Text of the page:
From The New York Times
SAN FRANCISCO — Faced with lawsuits and a growing mountain of damning research, New York City officials decided last month to ban solitary confinement for prison inmates 21 and younger. Just a few weeks earlier, the American Institute of Architects rejected a petition to censure members who design solitary-confinement cells and death chambers.
“It’s just not something we want to determine as a collective,” Helene Combs Dreiling, the institute’s former president, told me. She said she put together a special panel that reviewed the plea. “Members with deeply embedded beliefs will avoid designing those building types and leave it to their colleagues,” Ms. Dreiling elaborated. “Architects self-select, depending on where they feel they can contribute best.”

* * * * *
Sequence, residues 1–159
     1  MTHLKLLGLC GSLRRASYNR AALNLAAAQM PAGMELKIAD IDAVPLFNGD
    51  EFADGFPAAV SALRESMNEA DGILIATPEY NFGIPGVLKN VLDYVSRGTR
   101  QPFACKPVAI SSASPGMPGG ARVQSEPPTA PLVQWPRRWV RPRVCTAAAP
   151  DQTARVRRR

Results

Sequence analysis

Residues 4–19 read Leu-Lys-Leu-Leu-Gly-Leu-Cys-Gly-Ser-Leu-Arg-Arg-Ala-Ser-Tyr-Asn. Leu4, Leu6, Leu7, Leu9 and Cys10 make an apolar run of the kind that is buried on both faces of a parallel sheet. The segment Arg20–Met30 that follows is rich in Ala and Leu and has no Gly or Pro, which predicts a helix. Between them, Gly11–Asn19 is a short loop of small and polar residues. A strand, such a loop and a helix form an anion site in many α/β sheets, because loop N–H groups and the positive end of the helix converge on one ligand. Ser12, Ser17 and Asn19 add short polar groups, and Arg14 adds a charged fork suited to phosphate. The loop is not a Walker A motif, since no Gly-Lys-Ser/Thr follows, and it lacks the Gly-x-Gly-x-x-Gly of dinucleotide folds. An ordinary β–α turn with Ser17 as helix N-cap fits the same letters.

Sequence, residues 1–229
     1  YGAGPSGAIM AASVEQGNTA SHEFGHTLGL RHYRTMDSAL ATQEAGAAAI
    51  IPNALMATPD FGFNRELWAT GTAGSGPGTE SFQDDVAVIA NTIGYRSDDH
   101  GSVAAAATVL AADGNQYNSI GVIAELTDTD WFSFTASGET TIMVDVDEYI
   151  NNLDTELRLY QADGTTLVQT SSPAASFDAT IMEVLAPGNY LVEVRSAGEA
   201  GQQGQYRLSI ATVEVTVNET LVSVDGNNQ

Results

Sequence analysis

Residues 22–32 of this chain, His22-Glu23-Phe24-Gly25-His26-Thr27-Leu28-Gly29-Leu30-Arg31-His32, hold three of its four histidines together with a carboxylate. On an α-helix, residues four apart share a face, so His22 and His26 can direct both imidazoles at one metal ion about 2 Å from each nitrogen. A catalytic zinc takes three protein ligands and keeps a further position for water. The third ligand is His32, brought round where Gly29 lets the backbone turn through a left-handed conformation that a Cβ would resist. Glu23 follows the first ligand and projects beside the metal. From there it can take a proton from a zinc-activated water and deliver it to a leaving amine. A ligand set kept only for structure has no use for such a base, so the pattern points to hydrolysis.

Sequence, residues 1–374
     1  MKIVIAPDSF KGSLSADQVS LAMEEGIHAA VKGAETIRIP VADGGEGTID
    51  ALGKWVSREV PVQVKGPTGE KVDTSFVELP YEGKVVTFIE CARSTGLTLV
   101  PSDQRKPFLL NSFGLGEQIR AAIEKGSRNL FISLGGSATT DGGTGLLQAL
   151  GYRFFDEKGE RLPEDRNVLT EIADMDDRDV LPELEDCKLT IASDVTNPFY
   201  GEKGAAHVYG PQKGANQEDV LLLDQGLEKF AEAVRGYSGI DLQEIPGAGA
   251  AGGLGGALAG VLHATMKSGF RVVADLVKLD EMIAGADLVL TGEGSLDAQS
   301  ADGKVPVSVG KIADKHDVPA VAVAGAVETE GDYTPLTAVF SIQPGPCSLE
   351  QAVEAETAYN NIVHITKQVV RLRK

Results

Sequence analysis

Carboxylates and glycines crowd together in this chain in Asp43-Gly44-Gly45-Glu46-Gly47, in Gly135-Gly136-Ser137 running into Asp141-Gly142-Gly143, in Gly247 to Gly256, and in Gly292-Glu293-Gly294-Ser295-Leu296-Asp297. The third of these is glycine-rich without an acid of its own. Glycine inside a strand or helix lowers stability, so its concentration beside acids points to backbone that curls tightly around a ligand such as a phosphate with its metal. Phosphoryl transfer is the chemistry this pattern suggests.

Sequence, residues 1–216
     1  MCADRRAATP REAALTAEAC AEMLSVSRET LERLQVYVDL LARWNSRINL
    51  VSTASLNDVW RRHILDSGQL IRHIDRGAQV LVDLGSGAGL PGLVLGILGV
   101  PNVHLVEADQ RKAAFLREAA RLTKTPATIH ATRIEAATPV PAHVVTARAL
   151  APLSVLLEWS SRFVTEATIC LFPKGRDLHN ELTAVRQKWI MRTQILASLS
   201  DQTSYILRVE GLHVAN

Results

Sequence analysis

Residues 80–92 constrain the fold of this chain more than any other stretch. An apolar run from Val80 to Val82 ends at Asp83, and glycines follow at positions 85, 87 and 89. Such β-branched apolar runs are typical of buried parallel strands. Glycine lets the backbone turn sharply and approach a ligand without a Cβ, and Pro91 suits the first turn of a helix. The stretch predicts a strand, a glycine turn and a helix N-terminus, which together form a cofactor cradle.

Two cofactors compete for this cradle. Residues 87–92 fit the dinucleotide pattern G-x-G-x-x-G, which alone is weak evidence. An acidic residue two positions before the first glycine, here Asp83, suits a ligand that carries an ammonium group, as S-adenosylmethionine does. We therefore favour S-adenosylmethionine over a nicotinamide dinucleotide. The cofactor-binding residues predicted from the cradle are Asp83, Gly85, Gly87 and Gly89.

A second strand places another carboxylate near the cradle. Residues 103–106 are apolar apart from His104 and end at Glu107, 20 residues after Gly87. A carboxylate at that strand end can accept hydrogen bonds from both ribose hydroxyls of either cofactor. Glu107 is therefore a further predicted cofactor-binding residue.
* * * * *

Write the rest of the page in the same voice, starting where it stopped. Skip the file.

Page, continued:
What are the ethical boundaries for architecture? Architecture is one of the learned professions, like medicine or law. It requires a license, giving architects a monopoly over their practices, in return for a minimal promise that buildings won’t fall down. Raphael Sperry, the Bay Area architect who spearheaded the petition to the institute, thinks the public deserves more in return for that monopoly. (more…)